I’m Thacher E. Cleveland, one of the Super-Fly Comics podcast hosts and until the end of November I was one of the two owners of Super-Fly Comics & Games. After a lot of soul-searching I decided it was time to hang up my Comic Guy license and move on to new adventures. Not only do I have a new job in a new city but I’ll be buying comics again for first time in almost 7 years instead of just reading whatever I want, whenever I want. With the comic industry at a turning point with price wars, “event fatigue” and digital distribution, I’ve picked a hell of a time to get…Back in the Game.
I’d written a little bit about the business side of the comic industry a couple of weeks ago when it was reported that Jim Sokolowski, Marvel’s Chief Operations Officer, was let go. This past week it came out that at least 11 more staffers were let go at comic’s biggest publisher. The layoffs were apparently done as a cost-cutting measure, despite the fact that Marvel continues to be a profitable entity (something that’s a bit of rarity in…well, the entire country).
I mentioned in that article how the comic industry seems like a small town at times. As someone who escaped a small town last year, I can tell you that small town people love to talk (an it’s not really limited to small towns, it’s neighborhoods and other communities as well; small towns are just easier to single out because the people involved tend to stay put). Those of us that follow comic news closely know that our little industry loves to talk also, and something like this really brings that out. That’s not necessarily a bad thing, as places like The Beat and Comics Reporter have some interesting analysis about the layoffs with figures and conclusions that those of us who don’t have eyes on the big publishers 24/7 maybe wouldn’t come to.
It makes for great reading and great analysis, but we should remember that these are at least 12 people that have lost their jobs in a very shitty economy and have been working in this “small town” for a while. Not only that, as Tom Spurgeon of Comics Reporter says, “When a publisher with roughly a third of its primary market and enormously successful programs in other media decides to fire people, everyone shudders.” The small town aspect of the industry also leads to a lot of close attachment to those that work in it. The age of social networking has made it so that it’s very easy to hear from people you normally would have no connection or exposure to, for good or for ill. One of the editors, Alejandro Arbona, I knew only by name and Twitter handle as he was mentioned by other comics talent. I couldn’t pick him out of a line-up nor do I know the full specifics of his work at Marvel but it’s clear that he was well liked and many will miss him (Matt Fraction said on Twitter that Arbona would still be editing Casanova for Fraction).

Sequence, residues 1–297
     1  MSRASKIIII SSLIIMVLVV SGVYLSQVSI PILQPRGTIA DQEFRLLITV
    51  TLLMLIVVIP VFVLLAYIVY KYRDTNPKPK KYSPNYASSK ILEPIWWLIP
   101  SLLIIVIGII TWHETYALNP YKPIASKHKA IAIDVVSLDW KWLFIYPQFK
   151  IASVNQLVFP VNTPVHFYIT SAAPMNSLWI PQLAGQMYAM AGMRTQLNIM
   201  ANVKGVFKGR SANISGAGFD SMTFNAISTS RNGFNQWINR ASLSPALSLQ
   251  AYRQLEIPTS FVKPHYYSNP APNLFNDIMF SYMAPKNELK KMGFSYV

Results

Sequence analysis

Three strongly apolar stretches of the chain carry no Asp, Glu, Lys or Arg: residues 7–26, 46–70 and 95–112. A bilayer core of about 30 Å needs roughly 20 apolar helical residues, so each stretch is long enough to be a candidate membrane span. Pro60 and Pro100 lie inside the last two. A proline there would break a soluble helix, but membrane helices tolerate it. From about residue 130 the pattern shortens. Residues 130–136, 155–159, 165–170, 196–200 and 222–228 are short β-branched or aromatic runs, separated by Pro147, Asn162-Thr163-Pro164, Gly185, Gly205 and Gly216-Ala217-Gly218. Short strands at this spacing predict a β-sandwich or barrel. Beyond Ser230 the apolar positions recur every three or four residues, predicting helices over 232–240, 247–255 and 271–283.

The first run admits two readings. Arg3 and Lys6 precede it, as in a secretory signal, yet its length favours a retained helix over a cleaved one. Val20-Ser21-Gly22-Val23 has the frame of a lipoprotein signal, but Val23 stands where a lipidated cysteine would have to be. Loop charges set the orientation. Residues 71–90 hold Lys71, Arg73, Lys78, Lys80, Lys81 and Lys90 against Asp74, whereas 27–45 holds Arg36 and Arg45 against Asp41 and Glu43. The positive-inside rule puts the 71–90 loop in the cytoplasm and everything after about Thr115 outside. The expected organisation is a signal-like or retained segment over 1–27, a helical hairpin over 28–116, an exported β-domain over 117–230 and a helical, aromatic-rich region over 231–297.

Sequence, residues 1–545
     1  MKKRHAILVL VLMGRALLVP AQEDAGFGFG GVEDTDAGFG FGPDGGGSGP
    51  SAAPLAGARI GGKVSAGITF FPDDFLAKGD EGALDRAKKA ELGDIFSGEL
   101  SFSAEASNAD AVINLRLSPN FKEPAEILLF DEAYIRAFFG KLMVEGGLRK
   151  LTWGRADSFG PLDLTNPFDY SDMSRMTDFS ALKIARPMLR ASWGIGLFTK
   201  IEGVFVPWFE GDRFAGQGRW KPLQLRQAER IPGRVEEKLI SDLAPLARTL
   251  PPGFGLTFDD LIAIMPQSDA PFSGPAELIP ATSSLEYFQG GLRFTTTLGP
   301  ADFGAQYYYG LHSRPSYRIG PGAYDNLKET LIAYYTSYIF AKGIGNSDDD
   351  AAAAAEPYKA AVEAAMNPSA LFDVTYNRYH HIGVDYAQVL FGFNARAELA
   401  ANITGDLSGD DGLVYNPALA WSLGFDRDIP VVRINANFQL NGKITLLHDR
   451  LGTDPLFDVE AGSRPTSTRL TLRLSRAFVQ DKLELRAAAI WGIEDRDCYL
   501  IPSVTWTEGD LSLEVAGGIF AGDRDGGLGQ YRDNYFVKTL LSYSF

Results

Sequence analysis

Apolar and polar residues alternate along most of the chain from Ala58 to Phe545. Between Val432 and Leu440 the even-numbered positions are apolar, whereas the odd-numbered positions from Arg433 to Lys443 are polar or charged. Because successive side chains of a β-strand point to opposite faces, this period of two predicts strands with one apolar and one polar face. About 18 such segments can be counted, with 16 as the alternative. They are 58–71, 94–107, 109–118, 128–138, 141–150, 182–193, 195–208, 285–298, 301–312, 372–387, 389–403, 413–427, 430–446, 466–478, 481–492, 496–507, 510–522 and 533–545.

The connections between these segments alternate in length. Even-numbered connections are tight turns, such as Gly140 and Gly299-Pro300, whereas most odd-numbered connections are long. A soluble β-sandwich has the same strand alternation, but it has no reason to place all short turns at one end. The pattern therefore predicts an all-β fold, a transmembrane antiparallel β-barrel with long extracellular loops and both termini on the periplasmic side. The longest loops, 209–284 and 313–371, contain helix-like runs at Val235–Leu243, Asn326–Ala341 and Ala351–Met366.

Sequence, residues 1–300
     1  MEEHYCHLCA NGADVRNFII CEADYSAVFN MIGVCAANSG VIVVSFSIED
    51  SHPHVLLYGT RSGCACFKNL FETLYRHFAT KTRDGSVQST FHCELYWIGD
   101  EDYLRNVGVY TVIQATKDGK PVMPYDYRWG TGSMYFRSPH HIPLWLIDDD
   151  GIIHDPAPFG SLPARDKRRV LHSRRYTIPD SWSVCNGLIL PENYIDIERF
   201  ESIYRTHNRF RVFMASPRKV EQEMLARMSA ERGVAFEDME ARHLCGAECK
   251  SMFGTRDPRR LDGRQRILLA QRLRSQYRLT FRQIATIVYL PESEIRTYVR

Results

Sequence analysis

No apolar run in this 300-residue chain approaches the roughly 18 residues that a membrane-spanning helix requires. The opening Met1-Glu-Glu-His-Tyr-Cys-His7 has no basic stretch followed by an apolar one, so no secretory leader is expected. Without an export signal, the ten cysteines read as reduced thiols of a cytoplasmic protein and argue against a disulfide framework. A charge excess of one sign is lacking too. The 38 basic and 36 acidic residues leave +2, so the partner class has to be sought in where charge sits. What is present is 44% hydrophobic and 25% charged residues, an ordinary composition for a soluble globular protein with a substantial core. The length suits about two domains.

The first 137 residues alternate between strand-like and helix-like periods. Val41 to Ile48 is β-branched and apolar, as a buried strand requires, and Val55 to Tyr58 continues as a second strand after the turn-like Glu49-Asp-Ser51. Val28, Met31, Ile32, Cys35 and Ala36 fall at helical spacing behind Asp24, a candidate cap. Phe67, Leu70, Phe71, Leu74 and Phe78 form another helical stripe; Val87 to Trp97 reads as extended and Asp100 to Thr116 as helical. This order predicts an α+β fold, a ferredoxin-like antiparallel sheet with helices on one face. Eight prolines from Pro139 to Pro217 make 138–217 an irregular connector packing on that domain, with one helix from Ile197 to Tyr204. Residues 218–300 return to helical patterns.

While I’m happy to hear that the people working in a medium I love can forge strong bonds of friendship through professionalism, I wonder sometimes if the industry’s openness with its fans creates more problems than opportunities. From a professional stand-point, it makes sense for creators to foster a relationship with their fan-base, be it through message boards, Twitter feeds or convention appearances. A reader is more likely to invest their money and time in a book if they feel that there’s a connection with a creative team, and if they like something, are moved by it and want those creators to succeed they’ll, for lake of a better term, evangelize it to others that that come across. That kind of relationship isn’t relegated to just fans but to shops as well. Many people who have picked up a comic that doesn’t feature a well-known character or genre have done so because a comic-shop employee recommended it to them. Creators know this and many of them work hard to build that rapport.